Shelter in Place Orders Cause Skyrocketing Numbers in Those Dealing with Mental Illness and Abuse

Shelter+in+Place+Orders+Cause+Skyrocketing+Numbers+in+Those+Dealing+with+Mental+Illness+and+Abuse

Photo by Sydney Sims on Unsplash

Lindsey Lewis, Staff Writer

The COVID-19 pandemic and measures taken to slow the spread are negatively impacting the general public’s mental health, and increasing worries for people already suffering from mental illness. This crisis also reduced community interaction and heightened stress levels, which are factors that can worsen domestic abuse. With many schools shut down, children are no longer having regular contact with abuse reporters and cases are going unnoticed. 

According to a Kaiser Family Foundation poll conducted Mar. 25-30, “More than four in ten adults overall (45 percent) feel that worry and stress related to Coronavirus has had a negative impact on their mental health, up from 32 percent in early March.” Measures taken to slow the spread of the virus, such as social distancing, business and school closures, and shelter-in-place orders, are likely to cause feelings of anxiety and isolation, which can lead to a deterioration in mental health. “It’s been a hard adjustment to being in quarantine because I had to get used to doing online school, not seeing my friends, and being stuck at home,” junior Henriette Schmuck said.

According to the Centers for Disease Control and Prevention, different ways to cope with stress are to, “Take breaks from watching, reading, or listening to news stories, take care of your body, make time to unwind, and connect with others.” They also recommend checking in with your loved ones, especially those at higher risk, via telephone or email. “To de-stress I like to FaceTime all of my friends and go on hikes to get out of the house,” junior Emily Bakshi said.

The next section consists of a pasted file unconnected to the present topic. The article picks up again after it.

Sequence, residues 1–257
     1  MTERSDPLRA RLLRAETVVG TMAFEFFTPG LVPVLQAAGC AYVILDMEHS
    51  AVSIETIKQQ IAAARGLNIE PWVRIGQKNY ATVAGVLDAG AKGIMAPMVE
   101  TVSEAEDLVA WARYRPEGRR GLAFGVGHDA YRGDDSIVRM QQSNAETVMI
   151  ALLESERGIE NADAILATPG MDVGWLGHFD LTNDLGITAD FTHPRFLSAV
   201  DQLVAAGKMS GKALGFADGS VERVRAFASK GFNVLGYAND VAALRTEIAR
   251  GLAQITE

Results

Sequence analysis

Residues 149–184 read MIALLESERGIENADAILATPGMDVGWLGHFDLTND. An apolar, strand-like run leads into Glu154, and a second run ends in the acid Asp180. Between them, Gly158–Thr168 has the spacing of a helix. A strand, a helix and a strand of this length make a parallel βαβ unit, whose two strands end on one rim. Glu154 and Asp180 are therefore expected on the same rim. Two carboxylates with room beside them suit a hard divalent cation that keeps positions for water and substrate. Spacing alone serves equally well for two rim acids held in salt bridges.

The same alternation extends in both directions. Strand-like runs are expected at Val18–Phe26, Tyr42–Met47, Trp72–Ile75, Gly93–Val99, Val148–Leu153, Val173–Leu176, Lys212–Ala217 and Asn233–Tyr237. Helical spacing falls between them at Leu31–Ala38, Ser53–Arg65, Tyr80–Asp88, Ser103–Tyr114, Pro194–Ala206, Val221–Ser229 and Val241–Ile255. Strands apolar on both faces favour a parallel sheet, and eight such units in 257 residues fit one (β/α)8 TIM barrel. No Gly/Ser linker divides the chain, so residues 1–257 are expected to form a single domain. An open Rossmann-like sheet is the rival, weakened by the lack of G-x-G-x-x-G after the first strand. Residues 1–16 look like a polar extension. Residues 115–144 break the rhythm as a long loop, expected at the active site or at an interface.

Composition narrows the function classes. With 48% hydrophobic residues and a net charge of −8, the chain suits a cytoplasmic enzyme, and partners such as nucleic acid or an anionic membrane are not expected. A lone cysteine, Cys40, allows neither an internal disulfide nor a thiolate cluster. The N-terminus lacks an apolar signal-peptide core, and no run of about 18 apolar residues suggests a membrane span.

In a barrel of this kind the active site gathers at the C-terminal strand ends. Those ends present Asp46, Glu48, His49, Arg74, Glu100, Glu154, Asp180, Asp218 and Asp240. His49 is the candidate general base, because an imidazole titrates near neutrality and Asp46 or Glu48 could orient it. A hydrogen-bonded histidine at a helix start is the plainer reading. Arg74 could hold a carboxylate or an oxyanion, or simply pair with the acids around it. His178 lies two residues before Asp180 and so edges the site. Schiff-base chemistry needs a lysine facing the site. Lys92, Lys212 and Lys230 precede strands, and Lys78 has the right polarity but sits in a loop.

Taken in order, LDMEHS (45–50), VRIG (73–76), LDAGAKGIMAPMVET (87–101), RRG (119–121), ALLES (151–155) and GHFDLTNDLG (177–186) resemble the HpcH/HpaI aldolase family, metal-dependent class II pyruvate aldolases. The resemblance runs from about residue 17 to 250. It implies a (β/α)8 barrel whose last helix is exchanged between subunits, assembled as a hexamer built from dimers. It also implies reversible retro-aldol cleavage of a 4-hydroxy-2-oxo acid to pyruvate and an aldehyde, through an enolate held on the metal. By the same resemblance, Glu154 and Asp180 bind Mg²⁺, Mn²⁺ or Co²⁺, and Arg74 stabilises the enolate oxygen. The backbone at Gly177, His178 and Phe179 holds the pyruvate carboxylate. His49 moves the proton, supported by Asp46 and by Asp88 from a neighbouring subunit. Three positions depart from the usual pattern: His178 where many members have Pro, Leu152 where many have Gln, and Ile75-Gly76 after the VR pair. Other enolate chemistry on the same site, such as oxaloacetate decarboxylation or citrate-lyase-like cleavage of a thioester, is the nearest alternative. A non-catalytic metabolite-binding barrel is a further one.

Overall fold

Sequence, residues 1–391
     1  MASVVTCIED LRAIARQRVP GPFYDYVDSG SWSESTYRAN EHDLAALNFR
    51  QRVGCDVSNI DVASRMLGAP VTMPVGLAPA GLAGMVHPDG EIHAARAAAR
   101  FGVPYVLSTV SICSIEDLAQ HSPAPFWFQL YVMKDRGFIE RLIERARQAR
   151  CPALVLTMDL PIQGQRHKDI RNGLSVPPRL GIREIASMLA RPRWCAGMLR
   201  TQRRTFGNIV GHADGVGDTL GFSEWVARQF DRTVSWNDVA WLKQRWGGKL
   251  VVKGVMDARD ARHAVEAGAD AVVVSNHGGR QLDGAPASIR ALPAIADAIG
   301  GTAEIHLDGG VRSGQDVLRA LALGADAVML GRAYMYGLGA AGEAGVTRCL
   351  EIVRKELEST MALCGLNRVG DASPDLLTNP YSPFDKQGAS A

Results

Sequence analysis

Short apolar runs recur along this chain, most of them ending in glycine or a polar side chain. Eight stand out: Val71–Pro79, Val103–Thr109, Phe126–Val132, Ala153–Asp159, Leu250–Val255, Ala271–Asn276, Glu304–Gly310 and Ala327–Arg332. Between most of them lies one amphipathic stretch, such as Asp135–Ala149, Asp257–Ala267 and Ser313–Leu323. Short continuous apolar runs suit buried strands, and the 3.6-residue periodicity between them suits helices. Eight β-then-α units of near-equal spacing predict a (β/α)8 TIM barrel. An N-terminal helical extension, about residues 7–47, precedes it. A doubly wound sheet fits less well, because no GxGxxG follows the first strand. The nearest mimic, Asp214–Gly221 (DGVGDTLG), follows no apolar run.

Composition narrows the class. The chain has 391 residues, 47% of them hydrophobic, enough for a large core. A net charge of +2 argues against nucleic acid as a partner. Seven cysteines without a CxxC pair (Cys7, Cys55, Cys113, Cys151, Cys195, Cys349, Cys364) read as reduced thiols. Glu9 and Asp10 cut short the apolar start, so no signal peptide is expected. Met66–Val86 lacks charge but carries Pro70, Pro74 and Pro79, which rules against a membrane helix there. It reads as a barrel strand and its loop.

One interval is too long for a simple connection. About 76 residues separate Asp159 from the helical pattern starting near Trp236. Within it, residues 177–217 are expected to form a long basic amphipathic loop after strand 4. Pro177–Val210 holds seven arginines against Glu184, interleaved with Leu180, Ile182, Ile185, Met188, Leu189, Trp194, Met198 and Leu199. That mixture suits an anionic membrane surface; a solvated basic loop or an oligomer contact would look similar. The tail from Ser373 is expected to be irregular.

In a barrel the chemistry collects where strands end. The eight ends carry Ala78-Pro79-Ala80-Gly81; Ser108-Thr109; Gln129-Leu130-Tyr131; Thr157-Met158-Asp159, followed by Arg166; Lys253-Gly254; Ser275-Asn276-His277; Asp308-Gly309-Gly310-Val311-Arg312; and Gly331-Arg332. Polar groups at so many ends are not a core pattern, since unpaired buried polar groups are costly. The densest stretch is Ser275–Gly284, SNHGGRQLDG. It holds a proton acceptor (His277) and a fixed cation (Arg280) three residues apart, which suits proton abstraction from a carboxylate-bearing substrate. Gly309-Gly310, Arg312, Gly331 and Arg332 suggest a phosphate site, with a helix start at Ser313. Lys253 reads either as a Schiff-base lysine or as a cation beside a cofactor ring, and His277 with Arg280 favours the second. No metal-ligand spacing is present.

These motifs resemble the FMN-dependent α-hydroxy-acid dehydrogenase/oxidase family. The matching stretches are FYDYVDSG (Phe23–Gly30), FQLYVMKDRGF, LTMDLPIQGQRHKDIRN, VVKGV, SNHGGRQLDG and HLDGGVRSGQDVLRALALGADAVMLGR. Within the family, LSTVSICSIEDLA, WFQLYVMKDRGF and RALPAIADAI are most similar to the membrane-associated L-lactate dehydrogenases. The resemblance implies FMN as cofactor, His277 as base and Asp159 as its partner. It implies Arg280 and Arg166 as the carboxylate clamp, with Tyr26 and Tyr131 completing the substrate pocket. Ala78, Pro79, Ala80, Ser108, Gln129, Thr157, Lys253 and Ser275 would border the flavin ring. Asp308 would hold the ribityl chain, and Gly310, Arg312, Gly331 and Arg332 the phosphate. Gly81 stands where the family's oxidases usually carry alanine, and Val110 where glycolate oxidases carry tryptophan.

Many experts and suicide prevention groups worry that the pandemic could trigger an increased number of suicide attempts. However, they are refraining from discussing the effects of the pandemic on suicide rates because it is preventable. An excessive amount of reporting on this issue could potentially cause an increase in the number of suicide attempts. 

May 8, Well Being Trust and The Robert Graham Center American Academy of Family Physicians released Projected Deaths of Despair from COVID-19, a projection and prevention report for suicides from COVID-19. They reported that, “The additional deaths of despair range from 27,644 (quick recovery, smallest impact of unemployment on deaths of despair) to 154,037 (slow recovery, greatest impact of unemployment on deaths of despair).” However, they urge these rates are only predictions and deaths can be avoided by taking preventive actions as a nation.

Many children are at risk of abuse during the pandemic due to family stress and disconnection from support services. Stay-at-home orders are causing children to have no contact with mandated reporters such as teachers and social/health-care workers.

 “Reports of child abuse and neglect have declined since shelter-in-place effect,” the Child Abuse Prevention Council of Contra Costa County reported. In April, the L.A. County Sheriff’s Department documented 662 reports in the first week, compared with 1,352 in 2019. 

However, experts don’t believe that means there are less cases; they are just going unnoticed. The council advises teachers, counselors and others to continue to check in regularly with children and report any reasonable suspicion of child abuse or neglect.

People concerned about these issues can call the Childhelp National Child Abuse Hotline at 1-800-4-A-CHILD (1-800-422-4453) or the National Suicide Prevention Lifeline at 800-273-TALK (1-800-273-8255). In addition, the Miramonte Wellness Center is still available to support students via Zoom.